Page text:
On some dc motor retrofits, an encoder was mandatory to detect field loss, otherwise the drive could not provide field weakening.
An encoder within the system is a good thing, but it is not required for many applications.
At a minimum, you want a "sensorless vector" drive. Any name-brand one of those will give the low-end torque you need, with appropriate tuning. In addition, any name-brand one can be programmed to use your existing For/Stop/Rev switch, speed knob, and spindle lock interlock. You can easily add the back gear and electrical cabinet interlocks if you wish. You might need to add a relay to power the interlock solenoids, as the vfd may not be able to pass enough power on its own through its auxiliary contacts.
Originally Posted by docwilson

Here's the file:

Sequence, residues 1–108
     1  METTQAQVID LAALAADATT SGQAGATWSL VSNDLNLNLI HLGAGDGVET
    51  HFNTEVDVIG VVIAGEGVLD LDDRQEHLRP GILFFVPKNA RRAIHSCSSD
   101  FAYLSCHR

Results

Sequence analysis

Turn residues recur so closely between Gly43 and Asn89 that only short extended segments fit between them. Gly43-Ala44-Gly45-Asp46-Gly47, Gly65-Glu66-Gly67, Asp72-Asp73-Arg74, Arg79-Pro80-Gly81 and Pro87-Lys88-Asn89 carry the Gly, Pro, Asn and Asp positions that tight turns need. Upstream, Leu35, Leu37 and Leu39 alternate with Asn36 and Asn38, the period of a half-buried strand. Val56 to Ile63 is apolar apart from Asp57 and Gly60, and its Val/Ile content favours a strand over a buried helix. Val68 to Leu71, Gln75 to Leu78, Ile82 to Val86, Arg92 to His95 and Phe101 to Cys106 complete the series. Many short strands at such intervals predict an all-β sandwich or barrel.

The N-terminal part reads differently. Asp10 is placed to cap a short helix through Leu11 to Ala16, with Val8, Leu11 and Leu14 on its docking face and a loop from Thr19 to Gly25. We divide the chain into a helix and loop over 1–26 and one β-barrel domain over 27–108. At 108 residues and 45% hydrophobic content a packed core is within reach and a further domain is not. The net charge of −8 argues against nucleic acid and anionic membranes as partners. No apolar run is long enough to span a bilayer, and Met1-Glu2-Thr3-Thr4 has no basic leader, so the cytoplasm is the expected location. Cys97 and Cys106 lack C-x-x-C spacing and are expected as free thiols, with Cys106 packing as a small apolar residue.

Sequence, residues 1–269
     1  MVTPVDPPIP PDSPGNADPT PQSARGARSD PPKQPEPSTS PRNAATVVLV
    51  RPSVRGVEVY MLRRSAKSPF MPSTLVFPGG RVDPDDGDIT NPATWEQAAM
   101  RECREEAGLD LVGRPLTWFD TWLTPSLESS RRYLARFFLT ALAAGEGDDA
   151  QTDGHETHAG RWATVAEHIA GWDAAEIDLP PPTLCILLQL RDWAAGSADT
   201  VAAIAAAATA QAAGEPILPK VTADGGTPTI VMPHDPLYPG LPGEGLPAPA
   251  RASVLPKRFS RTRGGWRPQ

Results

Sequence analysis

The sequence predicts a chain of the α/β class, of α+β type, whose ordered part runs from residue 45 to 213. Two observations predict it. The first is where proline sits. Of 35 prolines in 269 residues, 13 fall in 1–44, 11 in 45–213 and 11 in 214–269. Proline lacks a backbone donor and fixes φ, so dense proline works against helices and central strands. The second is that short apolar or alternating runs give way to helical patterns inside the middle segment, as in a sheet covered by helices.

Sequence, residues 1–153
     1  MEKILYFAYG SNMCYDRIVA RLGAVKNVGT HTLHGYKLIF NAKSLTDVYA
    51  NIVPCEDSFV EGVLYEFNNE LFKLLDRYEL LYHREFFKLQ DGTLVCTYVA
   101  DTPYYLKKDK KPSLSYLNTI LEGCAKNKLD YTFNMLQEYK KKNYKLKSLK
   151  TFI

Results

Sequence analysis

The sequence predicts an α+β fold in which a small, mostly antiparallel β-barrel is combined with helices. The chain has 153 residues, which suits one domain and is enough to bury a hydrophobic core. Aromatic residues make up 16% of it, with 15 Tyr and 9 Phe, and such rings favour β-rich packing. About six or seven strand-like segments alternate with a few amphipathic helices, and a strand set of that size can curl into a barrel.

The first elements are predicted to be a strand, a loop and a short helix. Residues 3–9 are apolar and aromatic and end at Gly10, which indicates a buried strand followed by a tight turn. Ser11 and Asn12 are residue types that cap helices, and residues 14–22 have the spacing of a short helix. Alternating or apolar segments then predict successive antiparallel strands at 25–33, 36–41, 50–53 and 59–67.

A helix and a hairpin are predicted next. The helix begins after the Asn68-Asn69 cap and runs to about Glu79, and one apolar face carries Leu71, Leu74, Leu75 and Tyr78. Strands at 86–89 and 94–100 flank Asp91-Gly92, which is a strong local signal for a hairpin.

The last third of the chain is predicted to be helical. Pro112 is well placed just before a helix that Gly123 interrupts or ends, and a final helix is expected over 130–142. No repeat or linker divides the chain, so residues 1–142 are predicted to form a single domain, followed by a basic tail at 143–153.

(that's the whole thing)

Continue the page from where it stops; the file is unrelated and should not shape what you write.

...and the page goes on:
You may wish to keep the original start and stop buttons in concert with the original contactor for the power-up function. Just be sure the contactor is on the input side of the VFD, not the output. On my '67 modular, I'd use the manual safety switch on the front cabinet door to power up the vfd, and would consider using the contactor pushbuttons to simply enable and disable the drive. On the other hand, none of my other vfd-powered machines have that feature, and I get along fine. The VFD might not accept momentary contact switches for the "enable" application, in which case I'd either have to change the switches, or add a small latching relay or programmable relay to provide maintained contacts on the vfd "enable" input.